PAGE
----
Vanki

Moha carries an undying deep love for tribal, ancient & antique jewellery. So what better way to celebrate the holy festival of Navratri than to give voice to & to highlight jewellery which carries fine craftsmanship? This Navratri, we will be honouring jewellery created by talented minds & hands which have not received their due - pieces which are forgotten & lost in the sands of time. Each day we will be unravelling one stunning piece of jewellery. Today, we will be talking about an old ornament known as the ‘Vanki’.

Indian jewellery is as old as the Indian civilization, dating back to more than 4000 years ago. To Indians, jewellery was not important only for adornment, it was believed to possess good qualities depending on the precious stones and metals used. Some were even used for protection against evil magical forces for eg. the navratna or the nine gems. Till today, Hindus believe that each of these navratna stones are sacred to the nine planets in the solar system.

An Indian marriage is a grand event, a sacred ceremony where two people start a new life together. Both the bride & groom wear a lot of jewellery as it is believed to bless them with good luck & protect them from the evil eye. Among marriage ornaments, south India has a spellbinding variety of gorgeous ones. One such standout piece is the 'Vanki’. The Vanki is a beautiful armlet or a bajubandh always worn around the arm. A fairly simple ornament, the vanki does not scream ‘wedding’ as loudly as other South Indian marriage jewellery does. It can be used even on other occasions after marriage; it has a subtle touch of grandeur & elegance. The Vanki looks best when teamed with short-sleeved blouses as they do justice to its a gorgeous design. The relatively newer forms of the Vanki have designs inlaid with diamonds, rubies or emeralds & sometimes a coiled snake design. The snake design has been adopted from the old traditional Vanki. There are innumerable design forms which include peacocks flanking flowers, rigid & twisted gold wired forms, portraits from the colourful life of Krishna, etc inlaid with precious stones or in plain gold.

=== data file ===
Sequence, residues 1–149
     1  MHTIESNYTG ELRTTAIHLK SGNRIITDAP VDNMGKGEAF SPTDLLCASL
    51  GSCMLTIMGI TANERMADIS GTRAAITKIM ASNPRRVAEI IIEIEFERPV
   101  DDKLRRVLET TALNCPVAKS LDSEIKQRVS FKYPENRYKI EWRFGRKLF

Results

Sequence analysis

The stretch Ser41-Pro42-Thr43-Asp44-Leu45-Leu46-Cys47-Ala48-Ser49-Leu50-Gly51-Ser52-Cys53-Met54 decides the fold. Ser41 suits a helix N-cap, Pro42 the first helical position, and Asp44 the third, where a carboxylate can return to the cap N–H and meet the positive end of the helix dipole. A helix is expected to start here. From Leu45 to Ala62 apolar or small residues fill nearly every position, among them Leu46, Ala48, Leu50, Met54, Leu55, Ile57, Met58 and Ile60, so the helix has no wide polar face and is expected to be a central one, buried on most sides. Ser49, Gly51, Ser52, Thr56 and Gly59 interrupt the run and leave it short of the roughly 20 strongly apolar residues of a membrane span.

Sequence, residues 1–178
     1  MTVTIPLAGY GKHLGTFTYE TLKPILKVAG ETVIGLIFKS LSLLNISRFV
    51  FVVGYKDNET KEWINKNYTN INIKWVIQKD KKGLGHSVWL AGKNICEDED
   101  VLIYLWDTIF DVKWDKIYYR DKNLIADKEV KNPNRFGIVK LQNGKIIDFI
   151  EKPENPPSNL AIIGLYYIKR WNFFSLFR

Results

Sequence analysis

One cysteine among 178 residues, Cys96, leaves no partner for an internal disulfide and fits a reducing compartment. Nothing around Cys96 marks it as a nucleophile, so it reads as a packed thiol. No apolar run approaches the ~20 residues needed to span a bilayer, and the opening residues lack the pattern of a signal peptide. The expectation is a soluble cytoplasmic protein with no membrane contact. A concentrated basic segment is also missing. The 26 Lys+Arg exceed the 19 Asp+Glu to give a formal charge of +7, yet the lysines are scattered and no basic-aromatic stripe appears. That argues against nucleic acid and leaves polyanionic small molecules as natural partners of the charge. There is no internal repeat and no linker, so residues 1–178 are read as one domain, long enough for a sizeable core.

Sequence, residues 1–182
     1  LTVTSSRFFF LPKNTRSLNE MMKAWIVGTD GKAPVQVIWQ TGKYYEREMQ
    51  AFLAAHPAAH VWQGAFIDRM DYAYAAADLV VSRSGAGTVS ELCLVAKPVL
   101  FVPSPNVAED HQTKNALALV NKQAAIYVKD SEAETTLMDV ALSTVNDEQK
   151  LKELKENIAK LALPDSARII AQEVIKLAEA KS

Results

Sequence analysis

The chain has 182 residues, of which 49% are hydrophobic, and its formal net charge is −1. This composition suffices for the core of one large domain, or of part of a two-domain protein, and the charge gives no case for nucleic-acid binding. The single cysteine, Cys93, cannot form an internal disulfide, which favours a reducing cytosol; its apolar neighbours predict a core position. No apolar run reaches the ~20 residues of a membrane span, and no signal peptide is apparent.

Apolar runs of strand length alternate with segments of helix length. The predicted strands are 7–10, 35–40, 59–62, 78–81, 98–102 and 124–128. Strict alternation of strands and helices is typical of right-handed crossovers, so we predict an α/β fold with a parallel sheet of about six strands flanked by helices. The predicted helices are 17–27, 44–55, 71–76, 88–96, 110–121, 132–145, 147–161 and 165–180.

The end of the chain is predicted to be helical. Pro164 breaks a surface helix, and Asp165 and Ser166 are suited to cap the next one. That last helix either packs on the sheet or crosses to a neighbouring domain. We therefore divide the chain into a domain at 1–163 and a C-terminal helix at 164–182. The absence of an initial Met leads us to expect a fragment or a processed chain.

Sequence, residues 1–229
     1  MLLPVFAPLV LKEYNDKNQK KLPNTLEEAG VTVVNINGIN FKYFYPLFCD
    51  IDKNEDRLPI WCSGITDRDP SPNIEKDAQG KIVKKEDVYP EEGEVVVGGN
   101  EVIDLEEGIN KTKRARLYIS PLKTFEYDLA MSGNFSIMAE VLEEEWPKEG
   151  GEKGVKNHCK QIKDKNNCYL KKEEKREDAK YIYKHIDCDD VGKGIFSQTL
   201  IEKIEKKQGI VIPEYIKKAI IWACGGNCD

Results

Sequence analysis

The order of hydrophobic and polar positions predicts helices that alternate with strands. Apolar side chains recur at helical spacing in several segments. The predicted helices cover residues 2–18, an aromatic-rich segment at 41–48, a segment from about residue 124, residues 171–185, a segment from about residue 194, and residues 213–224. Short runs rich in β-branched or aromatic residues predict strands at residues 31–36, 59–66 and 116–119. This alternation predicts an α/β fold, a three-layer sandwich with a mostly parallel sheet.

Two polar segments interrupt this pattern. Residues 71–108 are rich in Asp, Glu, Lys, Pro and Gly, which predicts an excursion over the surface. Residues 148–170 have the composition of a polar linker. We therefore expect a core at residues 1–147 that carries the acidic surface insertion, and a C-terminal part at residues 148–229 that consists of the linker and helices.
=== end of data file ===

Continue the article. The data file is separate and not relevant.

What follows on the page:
Historically speaking, this traditional ornament has been noticed on old temple figurines & sculptures & can be traced back to the times when snake worship & nagas were prevalent. Earliest designs of the Vanki were seen on Lord Krishna. It shows the connection between Lord Vishnu and the snake & thereby to Krishna who is believed to be the incarnation of Lord Vishnu. The symbolism may have also indicated a meaning leaning towards fertility.

The Vanki stands out due to its inverted ‘V’ shaped design. It is designed to perfectly compliment the shape of the arm. The Vanki is thus very dear to all women, not only the south Indian brides; due to its unmatched appeal and beauty.  This accessory gives off a very royal look when coupled with traditional attire & is on every woman’s jewellery wishlist!

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